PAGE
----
BY L.E. MILLER, @LEMillerBMore
As 2017 concludes the Orioles seem likely to find themselves back under .500 for the first time since 2011. Three seasons removed from the ALCS, it is really time for the franchise to take stock and think about what the future holds.
It isn't just that they are three seasons from really competing for the pennant, but it has been three years in which the team has not been terribly competitive in general. Going into Tuesday's game, the Orioles are just 243-232 since 2014.
It is time to move on from General Manager / Vice President of Baseball Operations Dan Duquette. We are all thankful for 2012 and all that, but it is the nature of the beast. Management turns over when things are not working. For the last three years, things have not really been working.
Certainly, Duquette had his moments. 2012 and 2014 were good teams, but those years were punctuated by dysfunctional and disappointing 2013 and 2015 seasons. During those years, the Birds entered the off season with 90+ win teams that seemed on the cusp of greatness, only to have the front office do absolutely nothing to get the team over the hump. Each time, the Orioles waited until the trade deadline to make improvements that were obviously needed entering those seasons. Everth Cabrera? Travis Snider? Hardly pieces to get a team over the hump.
Yes, there have been bad trades of all stripes, that has become very obvious. Two months of Gerardo Parra for a still entirely-under-team-control Zach Davies might be the worst trade in franchise history after the Glenn Davis deal. But what made those trades worse was that they were necessitated by the front office's own inaction.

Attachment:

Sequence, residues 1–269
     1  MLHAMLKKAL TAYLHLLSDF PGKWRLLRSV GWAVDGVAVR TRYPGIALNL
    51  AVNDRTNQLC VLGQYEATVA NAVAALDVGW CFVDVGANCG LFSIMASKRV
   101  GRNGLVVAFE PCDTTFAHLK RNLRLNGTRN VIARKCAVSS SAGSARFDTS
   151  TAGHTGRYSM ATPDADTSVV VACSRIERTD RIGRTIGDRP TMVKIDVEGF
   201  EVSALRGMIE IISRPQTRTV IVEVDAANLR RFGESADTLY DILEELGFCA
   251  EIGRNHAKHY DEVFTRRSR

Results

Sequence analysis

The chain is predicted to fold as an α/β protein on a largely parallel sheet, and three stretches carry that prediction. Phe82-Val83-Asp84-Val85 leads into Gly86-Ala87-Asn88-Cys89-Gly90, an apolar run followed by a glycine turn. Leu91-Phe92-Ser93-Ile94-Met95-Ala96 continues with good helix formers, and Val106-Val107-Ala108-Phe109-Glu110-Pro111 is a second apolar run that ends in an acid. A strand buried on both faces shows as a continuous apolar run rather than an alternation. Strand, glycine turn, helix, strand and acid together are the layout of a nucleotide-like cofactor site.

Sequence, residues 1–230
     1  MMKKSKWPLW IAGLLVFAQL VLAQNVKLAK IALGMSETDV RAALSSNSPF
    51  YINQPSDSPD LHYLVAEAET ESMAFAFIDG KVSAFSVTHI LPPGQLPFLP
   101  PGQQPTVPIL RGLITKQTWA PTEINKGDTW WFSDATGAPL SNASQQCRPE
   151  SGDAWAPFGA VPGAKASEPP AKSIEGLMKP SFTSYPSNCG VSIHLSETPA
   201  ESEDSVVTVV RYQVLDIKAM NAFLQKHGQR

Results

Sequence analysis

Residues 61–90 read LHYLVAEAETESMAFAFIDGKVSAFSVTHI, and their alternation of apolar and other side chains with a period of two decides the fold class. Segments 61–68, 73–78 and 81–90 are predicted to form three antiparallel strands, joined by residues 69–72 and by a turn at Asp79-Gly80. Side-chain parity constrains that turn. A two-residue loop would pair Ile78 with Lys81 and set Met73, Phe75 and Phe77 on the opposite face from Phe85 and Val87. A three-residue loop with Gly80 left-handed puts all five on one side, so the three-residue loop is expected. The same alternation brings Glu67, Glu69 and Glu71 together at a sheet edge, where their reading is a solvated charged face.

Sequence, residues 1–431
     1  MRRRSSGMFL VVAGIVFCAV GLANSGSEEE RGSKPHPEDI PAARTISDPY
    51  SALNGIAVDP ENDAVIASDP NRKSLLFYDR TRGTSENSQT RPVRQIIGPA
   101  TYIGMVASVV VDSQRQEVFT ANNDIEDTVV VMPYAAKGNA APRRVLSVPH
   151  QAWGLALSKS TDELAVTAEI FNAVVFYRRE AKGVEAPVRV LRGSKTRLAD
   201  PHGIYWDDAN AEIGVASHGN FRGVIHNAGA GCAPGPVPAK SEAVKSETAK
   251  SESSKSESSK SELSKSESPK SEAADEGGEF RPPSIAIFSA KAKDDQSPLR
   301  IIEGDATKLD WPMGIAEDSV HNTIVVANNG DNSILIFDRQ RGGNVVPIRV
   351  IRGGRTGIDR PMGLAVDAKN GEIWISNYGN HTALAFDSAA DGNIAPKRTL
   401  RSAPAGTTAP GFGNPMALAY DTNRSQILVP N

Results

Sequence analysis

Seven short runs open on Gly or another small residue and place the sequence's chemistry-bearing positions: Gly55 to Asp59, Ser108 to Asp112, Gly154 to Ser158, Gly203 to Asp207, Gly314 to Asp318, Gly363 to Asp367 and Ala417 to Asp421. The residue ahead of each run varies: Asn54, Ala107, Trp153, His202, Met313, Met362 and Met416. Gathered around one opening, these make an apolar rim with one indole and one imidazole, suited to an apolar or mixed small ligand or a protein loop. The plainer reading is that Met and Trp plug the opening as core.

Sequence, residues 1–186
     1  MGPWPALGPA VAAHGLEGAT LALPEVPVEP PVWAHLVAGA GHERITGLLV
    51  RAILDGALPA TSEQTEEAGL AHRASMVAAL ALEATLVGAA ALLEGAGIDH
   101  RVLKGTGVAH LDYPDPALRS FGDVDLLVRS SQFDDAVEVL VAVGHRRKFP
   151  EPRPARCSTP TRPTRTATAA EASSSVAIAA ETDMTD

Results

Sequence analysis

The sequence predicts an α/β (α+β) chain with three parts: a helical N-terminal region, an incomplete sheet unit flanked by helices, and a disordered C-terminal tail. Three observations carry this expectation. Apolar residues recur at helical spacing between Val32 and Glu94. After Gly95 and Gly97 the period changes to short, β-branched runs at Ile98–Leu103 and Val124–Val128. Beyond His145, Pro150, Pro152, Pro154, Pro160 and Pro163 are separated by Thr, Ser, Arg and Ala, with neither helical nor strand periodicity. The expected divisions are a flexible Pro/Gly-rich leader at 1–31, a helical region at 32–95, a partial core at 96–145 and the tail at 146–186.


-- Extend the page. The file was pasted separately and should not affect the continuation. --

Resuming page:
Even the decent trades were necessitated by inaction. Bud Norris was a big piece of the 2014 team, but the team knew they needed pitching entering 2013. At that point, it was available for cash. Instead, the O's gave up Josh Hader and a draft pick that the Astros turned into Derek Fisher, baseball's No. 50th-best ranked prospect, per MLBPipeline.com.
The 2015 Orioles let both their corner outfielders walk after 2014 and then suddenly at the trade deadline decided that, oh yeah, they probably needed at least one full-time corner outfielder.
Then there's the free-agent signings. The Chris Davis contract is shaping up to be nearly as bad as the Ryan Howard deal. At least the Phillies have the excuse that Howard got hurt (though he was over-payed regardless). Chris Davis's current struggles were something he showed before in Texas and right here in Baltimore. At least Davis can field and run a little bit (pluses over Howard) but even then you are basically paying for a utility man this year.
Here is the thing: if they had paid for Nelson Cruz after 2014 that would have meant that the Orioles had another season of Davis-Cruz anchoring the middle of the lineup. The 2015 team would have been much better, and the Orioles probably would have kept Zach Davies.